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Briceno v. Sprint Spectrum, L.P., 911 So.2d 176 (Fla. App. 2005) (full-text).
Factual Background Edit
In December 2000, Plaintiff, Paola Briceno, contracted with Defendant Sprint for cellular telephone service. Briceno used the telephone and telephone number for both personal and business (babysitting) communications. In October 2003, Briceno brought her Sprint camera-telephone to a Sprint Store for repair. She claimed that Sprint employees asked for her email password and subsequently accessed her email and distributed photographs of her to third parties via the Internet.
Sprint's Terms of Service, updated June 1, 2003 included a mandatory arbitration clause requiring customers to submit any claims against Sprint or its employees to arbitration in lieu of suit. Sprint’s Terms of Service also included a disclaimer that customers were free to cancel their service if they did not agree to the amended Terms. The disclaimer was silent as to Sprint's standard $200 early termination fee.
Trial Court Proceedings Edit
Briceno sued Sprint for invasion of privacy and for disclosure of electronic communications under Chapter 934 of the Florida Statutes. Sprint then filed a Motion to Compel Arbitration in accord with the company's standard "Terms and Conditions of Service." Sprint claimed that Plaintiff was given the "Terms and Conditions of Service" when she initially purchased her phone and was notified of changes to the Terms via large print on plaintiff's June, 16, 2003 service invoice.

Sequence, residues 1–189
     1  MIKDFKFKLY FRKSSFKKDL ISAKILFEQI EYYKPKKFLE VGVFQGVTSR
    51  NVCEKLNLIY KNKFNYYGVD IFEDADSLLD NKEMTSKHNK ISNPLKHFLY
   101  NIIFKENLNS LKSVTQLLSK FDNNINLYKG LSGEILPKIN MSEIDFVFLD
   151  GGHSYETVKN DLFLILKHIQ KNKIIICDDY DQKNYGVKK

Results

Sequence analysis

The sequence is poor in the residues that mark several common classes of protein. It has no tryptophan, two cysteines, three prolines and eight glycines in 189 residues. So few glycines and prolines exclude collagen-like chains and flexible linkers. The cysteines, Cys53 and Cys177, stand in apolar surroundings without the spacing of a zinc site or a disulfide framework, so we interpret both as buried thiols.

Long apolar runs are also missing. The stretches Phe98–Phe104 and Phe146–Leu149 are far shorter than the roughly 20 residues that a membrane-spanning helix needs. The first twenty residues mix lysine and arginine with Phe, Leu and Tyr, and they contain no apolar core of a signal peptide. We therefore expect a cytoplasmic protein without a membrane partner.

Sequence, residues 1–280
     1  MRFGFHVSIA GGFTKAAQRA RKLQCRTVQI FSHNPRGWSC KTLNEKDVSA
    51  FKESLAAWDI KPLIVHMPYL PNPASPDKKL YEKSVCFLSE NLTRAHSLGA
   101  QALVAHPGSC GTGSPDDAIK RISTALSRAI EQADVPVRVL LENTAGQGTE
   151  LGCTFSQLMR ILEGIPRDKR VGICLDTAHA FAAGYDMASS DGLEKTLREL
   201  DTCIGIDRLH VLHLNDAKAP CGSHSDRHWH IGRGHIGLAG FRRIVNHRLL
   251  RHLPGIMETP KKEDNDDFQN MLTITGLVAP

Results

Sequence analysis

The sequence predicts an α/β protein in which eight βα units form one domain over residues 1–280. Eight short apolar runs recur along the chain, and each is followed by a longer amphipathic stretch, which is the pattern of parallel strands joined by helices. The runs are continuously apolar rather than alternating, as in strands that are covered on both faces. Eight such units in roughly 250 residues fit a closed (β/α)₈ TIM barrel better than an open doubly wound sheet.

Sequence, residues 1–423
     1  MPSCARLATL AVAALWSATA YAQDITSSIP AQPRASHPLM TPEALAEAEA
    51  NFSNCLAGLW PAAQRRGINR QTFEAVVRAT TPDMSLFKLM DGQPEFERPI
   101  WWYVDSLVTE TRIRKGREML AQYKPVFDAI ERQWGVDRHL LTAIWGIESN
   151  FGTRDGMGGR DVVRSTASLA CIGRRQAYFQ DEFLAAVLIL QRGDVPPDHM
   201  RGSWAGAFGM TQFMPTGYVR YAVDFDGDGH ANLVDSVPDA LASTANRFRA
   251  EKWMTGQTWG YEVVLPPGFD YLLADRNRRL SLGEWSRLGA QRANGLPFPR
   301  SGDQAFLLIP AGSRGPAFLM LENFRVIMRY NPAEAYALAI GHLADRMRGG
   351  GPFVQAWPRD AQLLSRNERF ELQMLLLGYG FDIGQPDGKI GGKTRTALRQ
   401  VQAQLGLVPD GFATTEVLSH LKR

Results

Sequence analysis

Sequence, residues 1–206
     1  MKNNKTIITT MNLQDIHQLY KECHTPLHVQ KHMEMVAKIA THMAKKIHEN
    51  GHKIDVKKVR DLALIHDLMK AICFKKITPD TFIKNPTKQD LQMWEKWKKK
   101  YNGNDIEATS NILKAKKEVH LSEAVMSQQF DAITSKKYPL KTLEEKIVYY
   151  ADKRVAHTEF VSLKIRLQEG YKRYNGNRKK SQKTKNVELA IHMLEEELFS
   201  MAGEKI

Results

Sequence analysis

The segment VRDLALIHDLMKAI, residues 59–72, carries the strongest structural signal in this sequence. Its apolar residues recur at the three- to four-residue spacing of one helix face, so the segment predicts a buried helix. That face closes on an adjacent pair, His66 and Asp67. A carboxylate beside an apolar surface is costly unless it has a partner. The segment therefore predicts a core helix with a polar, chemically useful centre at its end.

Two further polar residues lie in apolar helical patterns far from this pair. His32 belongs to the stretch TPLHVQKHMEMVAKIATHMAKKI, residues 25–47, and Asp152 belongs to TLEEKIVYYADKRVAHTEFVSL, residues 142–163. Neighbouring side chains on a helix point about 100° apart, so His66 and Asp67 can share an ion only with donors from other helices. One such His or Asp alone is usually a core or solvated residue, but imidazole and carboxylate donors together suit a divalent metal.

The trial court noted that while some evidence of procedural unconscionability existed (regarding Sprint's $200 early termination fee) there was no evidence as to substantive unconscionability. The trial court granted Defendant's Motion to Compel Arbitration. Plaintiff appealed.
Appellate Court Proceedings Edit
On appeal, the Third District Court affirmed the trial court's decision, applying Kansas law as dictated in the contract’s choice of law clause. The Court also affirmed the trial court's decision to compel arbitration pursuant to Sprint’s Terms of Service. The court reasoned that the contract was not unconscionable, nor did Sprint attempt to hide its "Terms of Service" from its customers.
On appeal, Briceno denied that she was given the Terms when she first purchased her Sprint phone. She further claimed that she did not pay attention to the notice of revised terms on her monthly statement because it was "not important" to her and that she never read any of the Terms, though she saw the "Terms and Conditions of Service" internet link on the Sprint website.
The appellate court noted that, under Kansas law, "[u]nless the provision in question is, under the circumstances, so outrageous and unfair in its wording or its application that it shocks the conscience or offends the sensibilities of the court, or is against public policy, it must be enforced." The court reasoned that none of Sprint’s Terms of Service "shocked the judicial conscience" and further that a literate and educated customer's failure to properly read the terms of a contract to which she has ample access, does not render that contract unconscionable. Therefore, the arbitration clause contained in the contract was valid and enforceable.